Prices for baths vary—yet, in general, a ticket for the whole day will cost you around HUF 9400 ($27).
The Jewish Quarter
This is a beautiful historical area surrounding the Dohány Street Synagogue, also known as the Big Synagogue. As the name suggests, this synagogue is the largest in Europe, able to house 3000 people simultaneously. When walking around the exterior of the building, you can’t just pass by; as gorgeous as it is, the synagogue catches the eye not only with its beauty but also with the bittersweet yet charming memorial the Weeping Willow. A name is engraved on every leaf of the towering metal tree, reminding visitors of the lives lost during the Holocaust. Alongside the famous Shoes on the Danube Bank, the Weeping Willow is a must-see for anyone keen on the history of WWII.
For those eager to enter the synagogue, a ticket will cost you HUF 9 000 ($25,50).
To learn more about Hungarian Jewish history, consider going on a Jewish Heritage Guided Walking Tour where you will learn plenty of interesting facts about the community.
Party District, a.k.a. “District VII”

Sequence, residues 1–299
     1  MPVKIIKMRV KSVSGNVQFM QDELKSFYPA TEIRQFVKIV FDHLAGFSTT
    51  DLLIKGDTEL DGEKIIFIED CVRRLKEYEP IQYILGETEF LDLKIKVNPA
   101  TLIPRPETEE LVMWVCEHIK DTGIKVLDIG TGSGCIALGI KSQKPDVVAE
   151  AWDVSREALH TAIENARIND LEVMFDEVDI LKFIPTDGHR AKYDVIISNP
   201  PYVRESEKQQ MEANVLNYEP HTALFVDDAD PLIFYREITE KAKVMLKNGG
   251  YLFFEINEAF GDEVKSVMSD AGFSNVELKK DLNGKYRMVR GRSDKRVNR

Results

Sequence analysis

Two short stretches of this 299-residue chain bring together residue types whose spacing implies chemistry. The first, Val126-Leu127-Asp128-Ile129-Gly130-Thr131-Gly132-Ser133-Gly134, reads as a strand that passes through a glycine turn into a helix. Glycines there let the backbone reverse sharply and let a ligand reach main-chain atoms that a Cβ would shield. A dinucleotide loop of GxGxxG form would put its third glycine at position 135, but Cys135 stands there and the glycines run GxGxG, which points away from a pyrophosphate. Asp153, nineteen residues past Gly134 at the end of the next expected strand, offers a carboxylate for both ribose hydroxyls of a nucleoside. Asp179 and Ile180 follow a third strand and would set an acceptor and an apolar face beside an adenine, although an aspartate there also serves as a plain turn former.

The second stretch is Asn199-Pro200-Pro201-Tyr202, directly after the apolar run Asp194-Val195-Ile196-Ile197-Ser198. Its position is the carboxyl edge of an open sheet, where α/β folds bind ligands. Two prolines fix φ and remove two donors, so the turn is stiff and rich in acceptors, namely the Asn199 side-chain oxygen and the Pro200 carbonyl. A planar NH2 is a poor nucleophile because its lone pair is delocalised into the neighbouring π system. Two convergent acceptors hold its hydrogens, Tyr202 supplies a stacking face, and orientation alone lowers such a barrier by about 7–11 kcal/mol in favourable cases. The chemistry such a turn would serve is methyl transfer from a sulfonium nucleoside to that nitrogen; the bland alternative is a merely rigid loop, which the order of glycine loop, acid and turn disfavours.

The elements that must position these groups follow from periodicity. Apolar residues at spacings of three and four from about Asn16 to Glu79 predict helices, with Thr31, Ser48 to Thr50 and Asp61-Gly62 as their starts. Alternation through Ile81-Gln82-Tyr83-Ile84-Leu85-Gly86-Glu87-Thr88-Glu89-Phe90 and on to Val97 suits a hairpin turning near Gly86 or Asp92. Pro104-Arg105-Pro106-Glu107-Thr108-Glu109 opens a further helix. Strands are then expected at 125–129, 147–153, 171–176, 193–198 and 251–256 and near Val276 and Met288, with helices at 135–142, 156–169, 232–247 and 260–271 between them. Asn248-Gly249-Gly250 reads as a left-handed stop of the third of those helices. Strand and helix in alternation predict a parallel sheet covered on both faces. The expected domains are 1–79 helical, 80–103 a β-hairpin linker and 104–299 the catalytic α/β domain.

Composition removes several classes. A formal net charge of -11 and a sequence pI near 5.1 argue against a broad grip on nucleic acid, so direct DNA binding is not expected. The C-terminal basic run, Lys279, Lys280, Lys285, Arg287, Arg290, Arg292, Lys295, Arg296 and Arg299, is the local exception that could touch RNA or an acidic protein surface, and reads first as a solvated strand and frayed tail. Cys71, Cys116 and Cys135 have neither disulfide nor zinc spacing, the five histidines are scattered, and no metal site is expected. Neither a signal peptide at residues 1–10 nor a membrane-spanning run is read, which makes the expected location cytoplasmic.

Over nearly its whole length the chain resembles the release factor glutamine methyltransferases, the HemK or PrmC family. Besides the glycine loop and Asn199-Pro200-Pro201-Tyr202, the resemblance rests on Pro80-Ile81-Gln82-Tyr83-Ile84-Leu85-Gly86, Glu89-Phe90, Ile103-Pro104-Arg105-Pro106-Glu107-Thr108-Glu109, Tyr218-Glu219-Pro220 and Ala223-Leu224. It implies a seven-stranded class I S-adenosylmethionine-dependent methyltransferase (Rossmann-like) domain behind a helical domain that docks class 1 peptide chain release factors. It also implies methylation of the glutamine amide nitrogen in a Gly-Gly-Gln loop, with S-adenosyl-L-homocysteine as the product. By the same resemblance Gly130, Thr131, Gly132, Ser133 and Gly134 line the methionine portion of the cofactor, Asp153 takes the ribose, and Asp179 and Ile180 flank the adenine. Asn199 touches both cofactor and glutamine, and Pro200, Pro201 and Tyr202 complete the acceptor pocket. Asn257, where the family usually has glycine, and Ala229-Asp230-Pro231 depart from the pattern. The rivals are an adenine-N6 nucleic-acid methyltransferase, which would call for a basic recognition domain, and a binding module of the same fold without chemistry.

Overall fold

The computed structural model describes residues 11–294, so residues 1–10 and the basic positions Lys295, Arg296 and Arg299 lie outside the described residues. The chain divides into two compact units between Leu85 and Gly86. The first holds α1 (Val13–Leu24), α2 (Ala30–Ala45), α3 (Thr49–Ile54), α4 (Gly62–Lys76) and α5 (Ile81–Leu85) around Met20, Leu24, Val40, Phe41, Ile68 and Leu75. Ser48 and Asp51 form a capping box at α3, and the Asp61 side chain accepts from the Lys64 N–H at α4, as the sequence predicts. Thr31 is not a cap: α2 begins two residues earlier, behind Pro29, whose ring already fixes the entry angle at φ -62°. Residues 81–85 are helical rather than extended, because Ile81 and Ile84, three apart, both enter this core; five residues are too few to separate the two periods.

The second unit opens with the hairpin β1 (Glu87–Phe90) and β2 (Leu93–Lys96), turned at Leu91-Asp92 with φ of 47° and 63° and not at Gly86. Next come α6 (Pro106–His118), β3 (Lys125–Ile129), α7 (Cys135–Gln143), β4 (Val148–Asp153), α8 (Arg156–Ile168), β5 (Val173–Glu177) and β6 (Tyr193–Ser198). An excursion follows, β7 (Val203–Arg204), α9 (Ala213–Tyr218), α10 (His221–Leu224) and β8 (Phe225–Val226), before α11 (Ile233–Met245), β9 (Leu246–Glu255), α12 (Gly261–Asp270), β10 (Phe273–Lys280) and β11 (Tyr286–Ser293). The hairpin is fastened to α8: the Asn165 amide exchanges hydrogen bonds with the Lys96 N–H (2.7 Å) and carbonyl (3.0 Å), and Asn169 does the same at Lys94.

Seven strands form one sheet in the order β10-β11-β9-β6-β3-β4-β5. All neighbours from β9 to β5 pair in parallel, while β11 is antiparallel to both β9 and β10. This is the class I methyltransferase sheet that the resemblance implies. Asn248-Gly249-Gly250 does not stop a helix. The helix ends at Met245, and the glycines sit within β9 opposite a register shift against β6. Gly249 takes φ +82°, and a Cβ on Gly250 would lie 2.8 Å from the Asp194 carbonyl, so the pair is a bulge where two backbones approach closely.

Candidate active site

It’s time to party, boys and girls, and here you will find a great place to do it… or two… or a hundred. The Hungarian passion for food and drink has led to this robust district boasting bars, pubs and restaurants.
We personally recommend using GPS to navigate Gozsdu Udvar, as this part of the district (with the best pubs, wine bars and cafes) is situated between several buildings, making it quite easy to get lost in. Well, truth be told, this is not the worst place to get lost. Hungarian nightlife is intense, and supposed to be enjoyed in full: the world-known ruin bars, which Budapest is famous for, are also in this district. For those who want to take amazing Instagram pictures, head straight to one of these places:
- Vintage Garden — not a bar per se, but more of a restaurant serving spectacularly delicious food with even greater décor. Flowers galore on every inch of the interior creates a stunning backdrop for your selfies. Indulge in their sweet treats to top off the amazing experience!
- Szimpla Kert — one of the coolest ruin pubs of Budapest! Szimpla Kert is set in an abandoned bunker that has been transformed into a unique creative hub for Budapest bohemian crowd. The venue, apart from being a bar, hosts movie screenings, concerts, book fairs and food festivals, so if you’re not much of a drinker, you’ll still have a fantastic time here. The space inside is massive: different rooms have their own unmatched vibes, so just walking around and exploring Szimpla Kert is a cool experience on its own.
- Kőleves Kert — if you aren’t a big party person, this ruin bar is one of the only ones that is open during the day. Pop in for lunch and enjoy a pint or few of beers on tap, while sitting at brightly colored tables protected from the sun by a green canopy of trees. The area of the bar creates an eclectic atmosphere, with all the mismatched decorative bibs and bobs filling the space.